For most medical students, Match Day is the pinnacle of a rigorous four-year journey. But students in the highly selective Medical Scientist Training Program (MSTP) put in eight years before receiving the red envelope that reveals the next step in their training. When he opened his red envelope, Stefan Tarnawsky–soon to wield both an MD and PhD–was elated to find that he’s headed to St. Louis. There, he will complete his internal medicine residency at Barnes-Jewish Hospital and continue training in medical research at Washington University.
Whether gazing at the cosmos through his telescope or staring down the lens of a microscope, Tarnawsky is a very curious man. Perhaps it is that natural inclination to wonder about life’s little mysteries that inspired his path toward research. But it’s not what led him to pursue medicine.
Tarnawsky was diagnosed with neuroblastoma, a rare cancer that affects nerve cells throughout the body, when he was a baby. He said that two decades of high-quality care and genuine compassion from his pediatrician, a physician-scientist, inspired him to become a doctor and help families like his.
Born and raised in Canada, Tarnawsky said that he was drawn to Indiana University School of Medicine because of its leadership in pediatric research. During his training, he worked in the research laboratories of Mervin Yoder, MD, and Rebecca Chan, MD, at the Herman B Wells Center for Pediatric Research studying the mechanisms of a rare pediatric blood cancer called Juvenile Myelomonocytic Leukemia or JMML. During his training, he helped develop animal models to better understand the origins of the disease and presented his findings at several national and international conferences.
Tarnawsky is one of six trainees to graduate from the MD/PhD dual degree program at IU School of Medicine this year. He said that he intends to specialize in the treatment and research of malignant hematology.
Hometown: Toronto, Canada Specialty: Internal Medicine Residency match location: Barnes-Jewish Hospital, St. Louis
What is your reaction to your match/How do you feel?
I feel elated. WashU has exactly what I was looking for: excellent residency training, a very strong tradition of educating physician-scientists, and one of the best leukemia research programs in the world. I’m also thrilled by the results of my MSTP colleagues—we all matched into programs that will make us happy. A small voice is telling me to dread the hundreds of emails I’ll be getting in the coming weeks/days/hours to sign this or certify that. But for now, I’m actively ignoring that voice and cannot wait to celebrate.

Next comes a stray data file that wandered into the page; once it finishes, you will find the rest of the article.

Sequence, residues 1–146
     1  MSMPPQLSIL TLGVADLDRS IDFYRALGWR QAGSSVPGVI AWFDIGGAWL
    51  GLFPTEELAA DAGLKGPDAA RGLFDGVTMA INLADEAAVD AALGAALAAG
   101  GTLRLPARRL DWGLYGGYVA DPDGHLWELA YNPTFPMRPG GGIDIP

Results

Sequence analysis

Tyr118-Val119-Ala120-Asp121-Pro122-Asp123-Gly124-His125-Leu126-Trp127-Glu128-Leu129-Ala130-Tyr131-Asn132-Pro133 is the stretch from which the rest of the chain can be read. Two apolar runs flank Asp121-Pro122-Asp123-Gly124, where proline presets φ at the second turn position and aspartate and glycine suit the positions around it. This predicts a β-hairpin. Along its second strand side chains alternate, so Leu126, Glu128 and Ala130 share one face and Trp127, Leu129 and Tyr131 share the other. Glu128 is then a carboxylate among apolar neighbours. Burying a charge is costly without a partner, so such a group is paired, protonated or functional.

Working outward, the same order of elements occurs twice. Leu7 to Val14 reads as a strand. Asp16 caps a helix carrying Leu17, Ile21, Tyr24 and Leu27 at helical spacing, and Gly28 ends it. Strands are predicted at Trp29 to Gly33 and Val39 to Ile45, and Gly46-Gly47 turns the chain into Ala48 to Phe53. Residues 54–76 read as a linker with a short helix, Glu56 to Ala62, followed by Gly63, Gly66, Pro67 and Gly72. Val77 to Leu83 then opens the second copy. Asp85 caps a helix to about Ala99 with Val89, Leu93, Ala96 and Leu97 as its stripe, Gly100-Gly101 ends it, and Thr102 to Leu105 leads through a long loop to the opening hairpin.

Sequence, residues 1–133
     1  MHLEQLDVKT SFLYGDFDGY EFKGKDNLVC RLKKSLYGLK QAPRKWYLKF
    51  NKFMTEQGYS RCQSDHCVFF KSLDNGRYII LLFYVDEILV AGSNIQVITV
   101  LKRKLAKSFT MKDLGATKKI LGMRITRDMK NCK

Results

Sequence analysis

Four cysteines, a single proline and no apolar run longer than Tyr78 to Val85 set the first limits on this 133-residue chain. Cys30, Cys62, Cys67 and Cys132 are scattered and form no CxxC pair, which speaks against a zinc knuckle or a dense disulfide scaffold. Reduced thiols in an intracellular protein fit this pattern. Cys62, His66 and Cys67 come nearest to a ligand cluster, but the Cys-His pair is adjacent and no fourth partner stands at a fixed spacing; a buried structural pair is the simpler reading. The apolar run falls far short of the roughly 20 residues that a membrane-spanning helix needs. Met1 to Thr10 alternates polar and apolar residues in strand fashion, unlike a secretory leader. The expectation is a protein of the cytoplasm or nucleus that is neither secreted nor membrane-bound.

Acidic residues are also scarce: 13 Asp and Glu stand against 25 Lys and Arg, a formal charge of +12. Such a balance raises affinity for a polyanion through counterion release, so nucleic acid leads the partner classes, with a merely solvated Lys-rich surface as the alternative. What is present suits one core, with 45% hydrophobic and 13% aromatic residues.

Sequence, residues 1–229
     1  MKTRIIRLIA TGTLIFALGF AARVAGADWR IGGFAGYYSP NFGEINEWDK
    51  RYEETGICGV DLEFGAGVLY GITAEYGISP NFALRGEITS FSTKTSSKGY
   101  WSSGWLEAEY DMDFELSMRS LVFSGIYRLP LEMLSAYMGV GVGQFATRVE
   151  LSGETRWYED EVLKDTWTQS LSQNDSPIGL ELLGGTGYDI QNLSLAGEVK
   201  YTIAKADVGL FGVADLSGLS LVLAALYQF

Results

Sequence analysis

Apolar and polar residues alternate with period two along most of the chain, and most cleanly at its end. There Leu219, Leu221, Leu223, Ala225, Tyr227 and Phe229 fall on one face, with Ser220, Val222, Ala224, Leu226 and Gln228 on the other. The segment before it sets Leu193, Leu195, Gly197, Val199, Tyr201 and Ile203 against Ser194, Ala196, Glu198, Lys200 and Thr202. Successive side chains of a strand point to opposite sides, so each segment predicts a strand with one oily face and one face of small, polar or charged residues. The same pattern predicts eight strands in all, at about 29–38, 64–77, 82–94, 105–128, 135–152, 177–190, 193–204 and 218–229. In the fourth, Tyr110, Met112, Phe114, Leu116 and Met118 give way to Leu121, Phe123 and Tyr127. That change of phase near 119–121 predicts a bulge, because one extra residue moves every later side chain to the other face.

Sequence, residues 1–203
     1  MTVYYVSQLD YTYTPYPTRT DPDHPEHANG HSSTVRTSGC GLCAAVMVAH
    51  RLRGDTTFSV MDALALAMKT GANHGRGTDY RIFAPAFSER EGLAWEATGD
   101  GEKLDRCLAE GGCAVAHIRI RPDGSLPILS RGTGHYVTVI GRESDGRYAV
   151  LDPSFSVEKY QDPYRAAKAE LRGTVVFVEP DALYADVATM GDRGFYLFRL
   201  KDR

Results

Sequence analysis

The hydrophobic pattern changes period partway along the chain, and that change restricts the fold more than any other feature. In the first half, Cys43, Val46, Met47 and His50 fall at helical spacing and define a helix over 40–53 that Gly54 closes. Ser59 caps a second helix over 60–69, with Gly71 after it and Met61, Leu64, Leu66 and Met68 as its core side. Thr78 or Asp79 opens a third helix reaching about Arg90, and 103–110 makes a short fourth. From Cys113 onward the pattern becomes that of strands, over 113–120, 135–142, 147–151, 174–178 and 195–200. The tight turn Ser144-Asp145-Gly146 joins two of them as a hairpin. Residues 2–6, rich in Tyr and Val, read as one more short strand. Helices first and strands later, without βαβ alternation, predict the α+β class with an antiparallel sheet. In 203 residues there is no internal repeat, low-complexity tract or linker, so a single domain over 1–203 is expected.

What moment—or experiences—led you to choose this specialty?
From the first day of my Internal Medicine rotation—on the Hematology rotation—I knew that I had found my specialty. I wanted to emulate the Heme docs with whom I was working. They showed tremendous compassion for their patients, helping them navigate through devastating illnesses. They had unworldly clinical acumen, recalling seemingly arcane diagnostic associations and treatment strategies. Finally, that had an unyielding passion for evidence-based medicine. Each day on rounds, we would probe the medical literature and debate the relative merits of this versus that management approach and whether it was best for our patients. This triumvirate: compassionate, expert, evidence-based care is the reason I was drawn to Internal Medicine.
What are you most looking forward to?
I cannot wait to meet my fellow residents. I foresee my relationships with them — given our mutual reliance on professional and psychosocial support — will transcend simple friendship. As such, I am very much looking forward to meeting the individuals who will be such a powerful influence on me over the coming years.
What aspects of your education do you think best prepared you for what lies ahead?
As a newly minted PGY1, I anticipate difficulties committing to patient care decisions. Should we give this patient lasix? What dose? IV or PO? Suddenly, I’ll be the one deciding all those questions. Luckily, IU School of Medicine provides its MS4s the opportunity to practice ‘sweating over’ these decisions. For instance, during my Medicine Sub-I, I also had to decide on the type of thromboprophylaxis to give to a given patient. During my Infectious Disease and Emergency Medicine rotations, I routinely staffed patients directly with the attending — without an intern intermediary —thereby emulating the role I’ll have as a PGY1. These opportunities at IUSM to feel responsible for my patient care decisions will be invaluable experience at the start of residency.
Was there a specific faculty member or mentor who really helped you along the way?
A great benefit of having trained at IU School of Medicine is that I had no shortage of mentors. I reached out for career and mentoring advice to dozens of individuals—the chair of medicine, the chair of Heme/Onc, the fellowship director for Heme/Onc, all of the Deans, countless attendings—all of whom were willing to meet and give perspective.
Merv Yoder and Rebecca Chan had the greatest influence on me and provided the most guidance. Outside of research, I met with Dr. Jimmy Hotz throughout my MS3 and MS4 years. With unwavering enthusiasm, he provided guidance on my competitiveness, how to prepare for the residency application, and what to look for in a program. His help was invaluable in helping me plan my applications.
The views expressed in this content represent the perspective and opinions of the author and may or may not represent the position of Indiana University School of Medicine.
Sara Buckallew works in the Dean's Office of Strategic Communications. As a communications coordinator, Sara supports internal and external communication needs for the Herman B Wells Center for Pediatric Research and the Center for Diabetes and Metabolic...